With this embodiment, the management computer 101 can generate the allocation change plan 2000 that levels the loads on the I/O processing units 132, by keeping the allocation change count to a minimum, and can propose the generated plan to the administrator. The management computer 101 can thus easily level the loads on the I/O processing units 132 while reducing adverse effects on the servers 102 that are important, even in an environment where the system configuration changes dynamically and the loads on the storage apparatus fluctuate greatly.

It should be noted that this invention is not limited to the above-mentioned embodiments, and encompasses various modification examples and the equivalent configurations within the scope of the appended claims without departing from the gist of this invention. For example, the above-mentioned embodiments are described in detail for a better understanding of this invention, and this invention is not necessarily limited to what includes all the configurations that have been described. Further, a part of the configurations according to a given embodiment may be replaced by the configurations according to another embodiment. Further, the configurations according to another embodiment may be added to the configurations according to a given embodiment. Further, a part of the configurations according to each embodiment may be added to, deleted from, or replaced by another configuration.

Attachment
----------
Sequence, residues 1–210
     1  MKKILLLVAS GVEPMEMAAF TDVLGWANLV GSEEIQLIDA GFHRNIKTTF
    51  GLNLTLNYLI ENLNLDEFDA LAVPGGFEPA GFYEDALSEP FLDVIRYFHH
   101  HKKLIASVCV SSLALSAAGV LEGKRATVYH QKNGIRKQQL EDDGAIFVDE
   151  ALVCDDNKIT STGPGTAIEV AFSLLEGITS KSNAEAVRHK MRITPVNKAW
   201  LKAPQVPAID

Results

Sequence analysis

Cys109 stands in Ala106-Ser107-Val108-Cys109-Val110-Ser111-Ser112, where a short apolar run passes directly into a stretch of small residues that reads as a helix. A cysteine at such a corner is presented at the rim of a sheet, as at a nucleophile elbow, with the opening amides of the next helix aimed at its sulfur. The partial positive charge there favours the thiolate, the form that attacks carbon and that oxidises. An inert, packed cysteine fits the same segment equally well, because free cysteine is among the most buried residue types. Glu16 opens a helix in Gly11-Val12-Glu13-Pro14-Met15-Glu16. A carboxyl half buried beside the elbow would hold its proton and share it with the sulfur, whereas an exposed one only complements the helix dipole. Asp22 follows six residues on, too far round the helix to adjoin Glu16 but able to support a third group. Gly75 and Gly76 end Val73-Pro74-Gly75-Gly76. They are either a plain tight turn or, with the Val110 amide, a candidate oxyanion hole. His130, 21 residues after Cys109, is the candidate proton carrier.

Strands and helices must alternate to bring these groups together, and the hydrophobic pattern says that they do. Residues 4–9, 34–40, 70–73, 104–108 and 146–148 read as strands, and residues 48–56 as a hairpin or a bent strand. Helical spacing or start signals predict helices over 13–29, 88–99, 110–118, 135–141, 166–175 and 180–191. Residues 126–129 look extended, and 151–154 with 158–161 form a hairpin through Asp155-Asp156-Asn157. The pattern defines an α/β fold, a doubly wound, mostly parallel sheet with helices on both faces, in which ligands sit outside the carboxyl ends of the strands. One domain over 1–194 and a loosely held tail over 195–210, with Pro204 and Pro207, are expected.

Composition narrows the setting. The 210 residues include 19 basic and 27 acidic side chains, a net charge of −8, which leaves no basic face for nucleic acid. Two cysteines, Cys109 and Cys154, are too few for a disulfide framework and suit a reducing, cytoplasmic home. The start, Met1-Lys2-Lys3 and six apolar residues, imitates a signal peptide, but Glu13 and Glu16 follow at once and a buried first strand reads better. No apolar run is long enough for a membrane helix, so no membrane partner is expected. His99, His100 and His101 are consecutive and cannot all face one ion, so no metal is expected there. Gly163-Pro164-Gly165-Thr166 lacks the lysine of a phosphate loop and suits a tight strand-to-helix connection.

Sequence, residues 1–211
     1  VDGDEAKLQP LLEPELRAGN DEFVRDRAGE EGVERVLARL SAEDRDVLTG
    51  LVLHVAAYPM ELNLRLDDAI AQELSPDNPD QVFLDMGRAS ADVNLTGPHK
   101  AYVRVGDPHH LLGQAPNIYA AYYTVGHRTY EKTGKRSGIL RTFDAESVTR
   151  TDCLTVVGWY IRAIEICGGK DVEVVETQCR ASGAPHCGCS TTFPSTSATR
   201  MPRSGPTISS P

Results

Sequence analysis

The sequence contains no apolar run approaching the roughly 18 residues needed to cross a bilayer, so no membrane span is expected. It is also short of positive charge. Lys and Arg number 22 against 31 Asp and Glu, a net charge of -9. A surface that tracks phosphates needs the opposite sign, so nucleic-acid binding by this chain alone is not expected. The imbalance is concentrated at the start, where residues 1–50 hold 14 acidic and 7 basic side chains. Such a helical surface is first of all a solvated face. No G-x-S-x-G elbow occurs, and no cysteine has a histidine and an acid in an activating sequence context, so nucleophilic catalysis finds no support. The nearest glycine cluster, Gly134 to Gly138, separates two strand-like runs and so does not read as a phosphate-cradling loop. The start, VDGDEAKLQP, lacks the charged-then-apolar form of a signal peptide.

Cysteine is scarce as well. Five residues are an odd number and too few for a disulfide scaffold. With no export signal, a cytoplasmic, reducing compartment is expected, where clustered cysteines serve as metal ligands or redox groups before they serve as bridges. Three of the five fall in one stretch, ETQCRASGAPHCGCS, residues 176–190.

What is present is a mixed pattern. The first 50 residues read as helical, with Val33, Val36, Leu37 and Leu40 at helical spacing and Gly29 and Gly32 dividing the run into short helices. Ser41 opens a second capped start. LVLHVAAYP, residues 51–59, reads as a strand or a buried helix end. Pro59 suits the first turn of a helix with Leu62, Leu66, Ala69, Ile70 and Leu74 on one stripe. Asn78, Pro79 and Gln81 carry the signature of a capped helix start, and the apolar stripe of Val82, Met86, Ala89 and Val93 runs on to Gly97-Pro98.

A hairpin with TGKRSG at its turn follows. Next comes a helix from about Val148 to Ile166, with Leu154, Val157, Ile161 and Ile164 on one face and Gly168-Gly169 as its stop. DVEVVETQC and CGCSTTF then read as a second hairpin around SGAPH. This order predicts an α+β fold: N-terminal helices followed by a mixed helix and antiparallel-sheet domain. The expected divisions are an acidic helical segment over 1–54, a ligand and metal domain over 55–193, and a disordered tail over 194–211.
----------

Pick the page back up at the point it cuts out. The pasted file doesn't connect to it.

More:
Further, a part or entirety of the respective configurations, functions, processing modules, processing means, and the like that have been described may be implemented by hardware, for example, may be designed as an integrated circuit, or may be implemented by software by a processor interpreting and executing programs for implementing the respective functions.